International Cancer Expert visits New Zealand

21-Dec-2017 2:56 PM

The World Health Organisation’s Dr Isabelle Soerjomataram, Deputy Head, Section of Cancer Surveillance, International Agency for Research on Cancer has been attending meetings in New Zealand as part of an innovative collaboration called the International Cancer Benchmarking Partnership (ICBP).

The ICBP joins clinicians, policy-makers, researchers and cancer data experts in order to measure international differences in cancer survival and to determine what factors may be causing these differences.
 
The Cancer Society is New Zealand’s representative on the ICBP. Based in France, over the next two days Dr Soerjomataram is meeting with the Cancer Society of New Zealand, the Ministry of Health, researchers and other academics in order to discuss ongoing projects, research, cancer control work as well as potential future collaborations.
 
“Cancer doesn’t rest for the holidays which means that we can’t either” says Mike Kernaghan, Cancer Society Chief Executive.
 
“We hope by working internationally, we can advance cancer outcome for kiwis, this is why we have hosted Dr Soerjomataram during her stay in New Zealand just before Christmas” noted Kernaghan.
 
The ICBP launched SURVMARK-2, a project led by the World Health Organisation to produce high impact cancer survival, incidence and mortality trends from the past 20 years. The project covers eight types of cancer, including oesophagus, stomach, colon, rectum, liver, pancreas, lung and ovary cancer. The ICBP includes 22 jurisdictions across 8 high-income countries over 3 continents.  

ENDS

Isabelle Soerjomataram MD, PhD
Deputy Head, Section of Cancer Surveillance, International Agency for Research on Cancer (IARC)
 
Isabelle Soerjomataram is a medical epidemiologist with a special interest in causes, and prevention of cancer. She received her medical degree from the University of Indonesia in 2001. Following a PhD in cancer epidemiology (2007) at the Public Health department at Erasmus Medical Centre in Rotterdam, she went to the Harvard School of Public Health as a fellow in Global Health to work on the designing the disability-adjusted life years estimation for cancer globally. She took a position at IARC in 2011 where she is currently assessing international variation of the cancer burden using mainly population-based datasets.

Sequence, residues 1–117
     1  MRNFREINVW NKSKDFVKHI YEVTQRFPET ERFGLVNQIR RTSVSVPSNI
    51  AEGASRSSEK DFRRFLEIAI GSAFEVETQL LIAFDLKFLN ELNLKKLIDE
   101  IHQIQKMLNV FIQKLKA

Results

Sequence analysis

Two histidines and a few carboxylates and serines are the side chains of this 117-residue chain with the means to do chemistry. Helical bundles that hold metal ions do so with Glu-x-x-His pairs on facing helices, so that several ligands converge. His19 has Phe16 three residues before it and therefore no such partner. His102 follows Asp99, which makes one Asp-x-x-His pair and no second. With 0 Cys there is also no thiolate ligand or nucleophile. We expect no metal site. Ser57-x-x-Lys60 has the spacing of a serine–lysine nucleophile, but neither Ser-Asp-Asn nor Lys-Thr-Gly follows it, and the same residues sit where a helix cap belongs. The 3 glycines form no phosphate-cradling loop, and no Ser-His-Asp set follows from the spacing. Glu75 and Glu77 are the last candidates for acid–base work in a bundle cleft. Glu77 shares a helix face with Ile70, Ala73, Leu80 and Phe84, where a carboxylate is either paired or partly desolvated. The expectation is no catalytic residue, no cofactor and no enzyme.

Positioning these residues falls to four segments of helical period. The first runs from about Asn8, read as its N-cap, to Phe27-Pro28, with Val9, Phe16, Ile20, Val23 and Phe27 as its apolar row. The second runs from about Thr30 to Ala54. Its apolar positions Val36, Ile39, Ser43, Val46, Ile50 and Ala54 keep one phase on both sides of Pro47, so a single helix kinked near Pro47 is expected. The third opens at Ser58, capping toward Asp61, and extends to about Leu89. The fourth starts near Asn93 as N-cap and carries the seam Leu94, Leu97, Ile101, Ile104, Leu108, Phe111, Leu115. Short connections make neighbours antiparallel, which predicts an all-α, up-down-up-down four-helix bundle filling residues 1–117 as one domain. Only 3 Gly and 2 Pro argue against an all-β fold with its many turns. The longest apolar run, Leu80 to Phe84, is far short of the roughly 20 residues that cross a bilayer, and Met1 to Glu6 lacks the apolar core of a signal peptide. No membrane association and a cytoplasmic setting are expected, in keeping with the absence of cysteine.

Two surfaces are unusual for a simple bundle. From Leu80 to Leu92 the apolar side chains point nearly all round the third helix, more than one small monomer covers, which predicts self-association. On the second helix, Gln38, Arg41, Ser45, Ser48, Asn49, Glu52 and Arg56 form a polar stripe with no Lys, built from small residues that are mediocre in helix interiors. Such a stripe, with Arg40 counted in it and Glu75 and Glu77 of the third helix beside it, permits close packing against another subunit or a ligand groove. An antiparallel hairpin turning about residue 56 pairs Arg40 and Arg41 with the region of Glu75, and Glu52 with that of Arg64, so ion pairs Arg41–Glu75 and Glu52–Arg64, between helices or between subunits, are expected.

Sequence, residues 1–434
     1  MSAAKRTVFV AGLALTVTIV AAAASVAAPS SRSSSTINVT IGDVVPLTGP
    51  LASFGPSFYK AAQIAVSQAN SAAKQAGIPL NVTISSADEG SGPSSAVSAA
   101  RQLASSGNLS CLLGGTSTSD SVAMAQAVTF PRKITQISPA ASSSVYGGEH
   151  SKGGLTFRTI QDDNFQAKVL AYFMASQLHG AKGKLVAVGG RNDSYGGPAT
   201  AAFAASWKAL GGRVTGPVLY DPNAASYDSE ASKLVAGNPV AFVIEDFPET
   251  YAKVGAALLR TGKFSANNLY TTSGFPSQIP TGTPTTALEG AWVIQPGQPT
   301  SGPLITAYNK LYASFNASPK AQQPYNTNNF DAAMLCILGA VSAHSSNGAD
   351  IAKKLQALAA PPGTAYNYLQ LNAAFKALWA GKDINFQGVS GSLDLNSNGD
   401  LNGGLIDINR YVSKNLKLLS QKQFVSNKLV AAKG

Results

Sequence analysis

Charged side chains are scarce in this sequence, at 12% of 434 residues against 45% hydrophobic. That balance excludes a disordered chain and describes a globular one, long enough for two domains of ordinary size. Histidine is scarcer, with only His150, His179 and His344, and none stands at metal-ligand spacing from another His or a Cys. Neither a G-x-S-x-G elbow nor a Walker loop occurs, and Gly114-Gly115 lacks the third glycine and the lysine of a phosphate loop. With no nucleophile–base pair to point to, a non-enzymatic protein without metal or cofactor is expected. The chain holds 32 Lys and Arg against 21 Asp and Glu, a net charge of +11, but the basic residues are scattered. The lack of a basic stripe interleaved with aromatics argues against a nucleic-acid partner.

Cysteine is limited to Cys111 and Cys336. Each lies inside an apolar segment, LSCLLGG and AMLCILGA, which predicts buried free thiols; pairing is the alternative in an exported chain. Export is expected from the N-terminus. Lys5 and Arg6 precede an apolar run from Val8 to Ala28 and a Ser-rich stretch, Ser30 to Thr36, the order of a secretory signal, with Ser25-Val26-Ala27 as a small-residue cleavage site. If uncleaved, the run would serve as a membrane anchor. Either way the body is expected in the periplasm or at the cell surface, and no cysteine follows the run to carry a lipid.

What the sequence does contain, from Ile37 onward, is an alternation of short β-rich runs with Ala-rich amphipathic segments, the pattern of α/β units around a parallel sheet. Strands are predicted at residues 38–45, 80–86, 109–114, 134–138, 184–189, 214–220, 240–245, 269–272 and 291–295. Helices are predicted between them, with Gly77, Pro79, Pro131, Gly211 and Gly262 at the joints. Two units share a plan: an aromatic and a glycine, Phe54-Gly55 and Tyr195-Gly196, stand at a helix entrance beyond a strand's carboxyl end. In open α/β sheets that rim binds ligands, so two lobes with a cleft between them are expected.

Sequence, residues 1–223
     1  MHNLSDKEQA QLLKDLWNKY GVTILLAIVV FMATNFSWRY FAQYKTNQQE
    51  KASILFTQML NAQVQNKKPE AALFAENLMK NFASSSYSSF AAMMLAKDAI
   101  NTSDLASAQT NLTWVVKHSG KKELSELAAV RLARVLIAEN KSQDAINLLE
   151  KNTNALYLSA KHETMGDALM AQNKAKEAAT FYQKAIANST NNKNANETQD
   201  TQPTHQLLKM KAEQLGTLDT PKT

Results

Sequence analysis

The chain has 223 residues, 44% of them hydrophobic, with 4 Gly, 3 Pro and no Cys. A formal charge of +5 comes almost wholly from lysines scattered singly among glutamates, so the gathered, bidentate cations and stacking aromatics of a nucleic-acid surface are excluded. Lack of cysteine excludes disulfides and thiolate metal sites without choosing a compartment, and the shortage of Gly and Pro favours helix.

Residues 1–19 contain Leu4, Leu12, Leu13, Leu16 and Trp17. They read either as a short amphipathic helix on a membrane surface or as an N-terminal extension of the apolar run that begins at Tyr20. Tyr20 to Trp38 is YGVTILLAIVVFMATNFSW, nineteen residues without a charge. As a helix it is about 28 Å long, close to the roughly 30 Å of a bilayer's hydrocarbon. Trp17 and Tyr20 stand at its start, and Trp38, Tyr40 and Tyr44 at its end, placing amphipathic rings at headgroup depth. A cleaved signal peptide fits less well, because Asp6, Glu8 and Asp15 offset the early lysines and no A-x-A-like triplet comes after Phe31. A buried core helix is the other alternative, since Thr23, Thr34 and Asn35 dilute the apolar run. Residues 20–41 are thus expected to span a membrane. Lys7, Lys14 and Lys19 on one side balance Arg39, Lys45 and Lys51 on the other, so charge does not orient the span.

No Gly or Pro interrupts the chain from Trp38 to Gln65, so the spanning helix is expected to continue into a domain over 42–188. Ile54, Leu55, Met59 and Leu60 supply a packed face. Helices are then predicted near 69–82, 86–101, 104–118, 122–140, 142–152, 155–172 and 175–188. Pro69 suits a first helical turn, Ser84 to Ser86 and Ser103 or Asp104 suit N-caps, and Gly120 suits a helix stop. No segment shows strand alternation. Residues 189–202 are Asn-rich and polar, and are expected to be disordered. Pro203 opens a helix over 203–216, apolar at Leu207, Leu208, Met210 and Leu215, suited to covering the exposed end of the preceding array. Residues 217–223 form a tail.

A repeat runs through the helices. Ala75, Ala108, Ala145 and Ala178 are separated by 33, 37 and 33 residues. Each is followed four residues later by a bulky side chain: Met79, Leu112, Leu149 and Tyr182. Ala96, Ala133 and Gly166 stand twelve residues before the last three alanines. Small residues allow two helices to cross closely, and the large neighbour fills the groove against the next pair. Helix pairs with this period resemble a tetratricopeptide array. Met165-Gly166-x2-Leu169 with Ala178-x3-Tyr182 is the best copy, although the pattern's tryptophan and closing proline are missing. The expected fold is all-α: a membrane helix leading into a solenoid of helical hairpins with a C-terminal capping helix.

In addition to her research activities, she is (co) coordinating several large projects funded by various institutions including the Cancer Research UK, WCRF, and the National Cancer Institute in France. One seminal project involving over than 60 experts in France, she coordinates the estimation of the proportion of cancer attributable to all known lifestyle and environmental risk factors in France. More internationally she is leading the global estimation of attributable fraction for cancers related tobacco smoking, alcohol, obesity and also Solar UV radiation. Other projects that she leads or coleads are cancer survival projects, in high-income and also low-and middle income settings assessing the effectiveness of the local health system as well as influence of major risk factors such as obesity.
 

Topic: General News

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